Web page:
We’ve been talking a lot about how to be more creative, good creative habits, and creative exercises. So what comes next? Now it’s time to generate the actual ideas and start your hard work to see them come to fruition. It’s time to really create!
James Taylor—an internationally recognized leader in creativity and innovation—has broken down the creative process to FIVE simple stages:
This stage is a given and it’s one of the aspects we’ve been talking about in our last few blog posts. Preparation is all about getting inspired and that has a lot to do with your environment: what you read, listen to, research, and observe. Depending on who you are, you might enjoy a quiet environment or you might prefer a setting with a lot of visual or auditory stimuli. The main thing to remember is that during this stage you should be absorbing as much information as you can, so you’ll want to be fully immersed in your prime creative environment.
Incubation might be one of the stranger stages of Taylor’s model because you really don’t have to do anything but wait. Taylor assigns this role of the work all to your brain’s subconscious. In stage one, you focused on gathering information. In stage two, you’ll step away from all of that. Incubation allows you to find something new to focus on and be re-energized before you come back to your original idea. And it all leads you into the next stage…
Taylor calls this the “Aha!” or “Eureka!” moment. While your creative subconscious has been working away in the background, you’ll come to a realization—perhaps even while doing a mundane, everyday task. Your subconscious will take in all that information that you had consciously been observing in stage one and will provide that insight by bringing an idea to the forefront. Then you can move on to the next steps.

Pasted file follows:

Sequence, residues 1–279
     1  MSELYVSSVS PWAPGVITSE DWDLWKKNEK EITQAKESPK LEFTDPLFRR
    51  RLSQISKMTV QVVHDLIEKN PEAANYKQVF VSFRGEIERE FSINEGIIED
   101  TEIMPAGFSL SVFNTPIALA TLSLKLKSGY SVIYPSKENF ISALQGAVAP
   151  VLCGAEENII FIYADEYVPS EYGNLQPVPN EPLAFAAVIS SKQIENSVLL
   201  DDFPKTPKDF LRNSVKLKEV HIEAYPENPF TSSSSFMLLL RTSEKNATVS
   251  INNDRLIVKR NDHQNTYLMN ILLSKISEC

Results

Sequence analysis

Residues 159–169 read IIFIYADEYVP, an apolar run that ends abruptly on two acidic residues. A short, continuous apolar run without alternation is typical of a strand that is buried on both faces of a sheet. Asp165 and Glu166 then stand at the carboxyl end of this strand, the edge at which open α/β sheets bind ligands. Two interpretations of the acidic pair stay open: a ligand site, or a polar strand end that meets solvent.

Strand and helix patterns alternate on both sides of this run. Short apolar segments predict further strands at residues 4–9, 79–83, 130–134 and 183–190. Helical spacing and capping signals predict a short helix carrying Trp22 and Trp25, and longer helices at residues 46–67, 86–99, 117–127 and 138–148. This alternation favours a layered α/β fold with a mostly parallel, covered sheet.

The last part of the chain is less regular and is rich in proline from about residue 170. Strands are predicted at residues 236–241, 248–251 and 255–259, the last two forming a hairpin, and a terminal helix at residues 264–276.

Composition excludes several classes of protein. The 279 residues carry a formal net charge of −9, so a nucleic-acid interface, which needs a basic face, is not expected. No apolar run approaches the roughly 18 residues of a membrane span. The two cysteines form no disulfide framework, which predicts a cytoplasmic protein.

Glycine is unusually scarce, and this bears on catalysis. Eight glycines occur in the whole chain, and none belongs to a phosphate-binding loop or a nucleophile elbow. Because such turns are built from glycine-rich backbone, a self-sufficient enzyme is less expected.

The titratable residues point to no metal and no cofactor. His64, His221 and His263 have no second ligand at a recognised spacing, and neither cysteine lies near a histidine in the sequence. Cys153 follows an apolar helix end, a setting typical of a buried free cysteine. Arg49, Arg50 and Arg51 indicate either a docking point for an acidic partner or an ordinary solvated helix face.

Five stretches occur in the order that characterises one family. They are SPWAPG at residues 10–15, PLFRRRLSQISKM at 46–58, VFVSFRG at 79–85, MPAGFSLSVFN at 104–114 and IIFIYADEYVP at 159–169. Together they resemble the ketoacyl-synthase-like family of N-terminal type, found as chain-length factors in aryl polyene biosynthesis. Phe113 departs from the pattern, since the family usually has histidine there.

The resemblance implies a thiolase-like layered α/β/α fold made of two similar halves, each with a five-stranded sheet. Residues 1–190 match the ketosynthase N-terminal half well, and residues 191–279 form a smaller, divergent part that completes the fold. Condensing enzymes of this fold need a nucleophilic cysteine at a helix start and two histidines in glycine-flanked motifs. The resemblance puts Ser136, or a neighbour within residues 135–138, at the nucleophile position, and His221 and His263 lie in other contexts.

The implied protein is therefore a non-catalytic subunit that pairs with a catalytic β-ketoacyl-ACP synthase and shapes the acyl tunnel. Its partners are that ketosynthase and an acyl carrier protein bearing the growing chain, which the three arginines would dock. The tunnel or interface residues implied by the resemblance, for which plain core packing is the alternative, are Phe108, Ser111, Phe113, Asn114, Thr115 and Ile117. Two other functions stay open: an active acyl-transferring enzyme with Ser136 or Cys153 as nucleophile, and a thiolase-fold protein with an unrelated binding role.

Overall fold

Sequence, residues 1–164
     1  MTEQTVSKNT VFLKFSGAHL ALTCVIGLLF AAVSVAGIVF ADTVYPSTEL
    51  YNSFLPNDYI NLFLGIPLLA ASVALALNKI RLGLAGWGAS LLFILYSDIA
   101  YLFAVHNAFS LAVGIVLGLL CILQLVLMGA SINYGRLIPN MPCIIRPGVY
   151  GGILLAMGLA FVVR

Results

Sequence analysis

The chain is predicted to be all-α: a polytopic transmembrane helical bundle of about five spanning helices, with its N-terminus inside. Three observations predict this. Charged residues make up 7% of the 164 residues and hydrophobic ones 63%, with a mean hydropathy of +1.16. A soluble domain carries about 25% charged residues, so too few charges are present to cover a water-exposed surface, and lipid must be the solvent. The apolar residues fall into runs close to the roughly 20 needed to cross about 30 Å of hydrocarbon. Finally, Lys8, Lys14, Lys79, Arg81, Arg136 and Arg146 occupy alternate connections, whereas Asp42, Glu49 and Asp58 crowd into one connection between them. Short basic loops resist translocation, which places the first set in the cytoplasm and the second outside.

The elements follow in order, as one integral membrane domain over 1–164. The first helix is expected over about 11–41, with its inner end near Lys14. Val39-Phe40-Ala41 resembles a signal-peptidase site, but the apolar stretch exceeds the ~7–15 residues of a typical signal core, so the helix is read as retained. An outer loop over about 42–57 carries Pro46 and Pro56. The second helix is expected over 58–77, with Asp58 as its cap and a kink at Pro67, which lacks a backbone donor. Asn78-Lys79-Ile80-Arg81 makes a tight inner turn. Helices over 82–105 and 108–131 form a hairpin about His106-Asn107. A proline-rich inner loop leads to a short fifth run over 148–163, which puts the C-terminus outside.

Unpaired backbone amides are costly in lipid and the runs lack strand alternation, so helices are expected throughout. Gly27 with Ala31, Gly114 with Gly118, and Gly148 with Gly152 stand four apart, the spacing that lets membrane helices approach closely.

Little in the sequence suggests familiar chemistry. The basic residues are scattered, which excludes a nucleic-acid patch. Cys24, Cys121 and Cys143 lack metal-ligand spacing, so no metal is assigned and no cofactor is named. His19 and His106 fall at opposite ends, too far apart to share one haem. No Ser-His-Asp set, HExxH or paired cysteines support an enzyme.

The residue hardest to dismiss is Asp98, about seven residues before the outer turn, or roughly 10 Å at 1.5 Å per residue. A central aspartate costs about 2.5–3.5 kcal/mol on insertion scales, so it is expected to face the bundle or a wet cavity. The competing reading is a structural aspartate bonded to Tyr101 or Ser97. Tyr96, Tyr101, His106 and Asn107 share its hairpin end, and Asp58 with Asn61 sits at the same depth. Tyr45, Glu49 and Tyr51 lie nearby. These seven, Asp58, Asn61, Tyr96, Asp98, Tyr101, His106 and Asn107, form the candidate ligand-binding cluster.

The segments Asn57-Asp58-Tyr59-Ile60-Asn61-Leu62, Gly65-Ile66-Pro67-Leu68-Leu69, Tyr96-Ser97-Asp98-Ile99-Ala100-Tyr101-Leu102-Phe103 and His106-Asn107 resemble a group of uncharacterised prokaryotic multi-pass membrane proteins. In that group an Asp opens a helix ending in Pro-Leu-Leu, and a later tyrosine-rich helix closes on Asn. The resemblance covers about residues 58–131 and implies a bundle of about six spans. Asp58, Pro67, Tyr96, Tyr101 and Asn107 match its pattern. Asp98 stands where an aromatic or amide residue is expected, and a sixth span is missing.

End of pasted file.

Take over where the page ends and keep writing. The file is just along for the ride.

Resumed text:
Evaluation is just what it sounds like. You’ll need to allow yourself to reflect on your ideas and consider which ones are worth your time to pursue. While evaluation is partially a solo effort, this is also the stage in which it would be great to have a group of creative friends to chat with. Take into consideration your peer’s opinions of your ideas, but don’t let them be the dominating factor that decides your next step. Your opinions matter just as much, especially because it’s your idea! So take it all in and figure out what ideas are worth your hard work in the next step.
Here’s where that hard work comes in. This is the moment when you’ll take that idea that you decided on during stage four and start testing it out, drawing out designs, and creating. A creative person is not solely marked by their ideas, but also their ability to make their ideas come to life. Elaboration means that you will start taking action.
Sometimes we have so many ideas but we have no idea what to do with all of them. Hopefully, these five stages will help you sort through everything in a way that helps you develop an effective creative process for yourself. I think one very important thing Taylor says about these stages is that they should be considered iterative rather than linear since many creatives will find themselves bouncing from one stage to the next. Some might be very short while others might last for weeks or months. So don’t expect results overnight. Remember it’s all personal. Work in the way that works best for you. Above all, don’t let anything stop you from creating!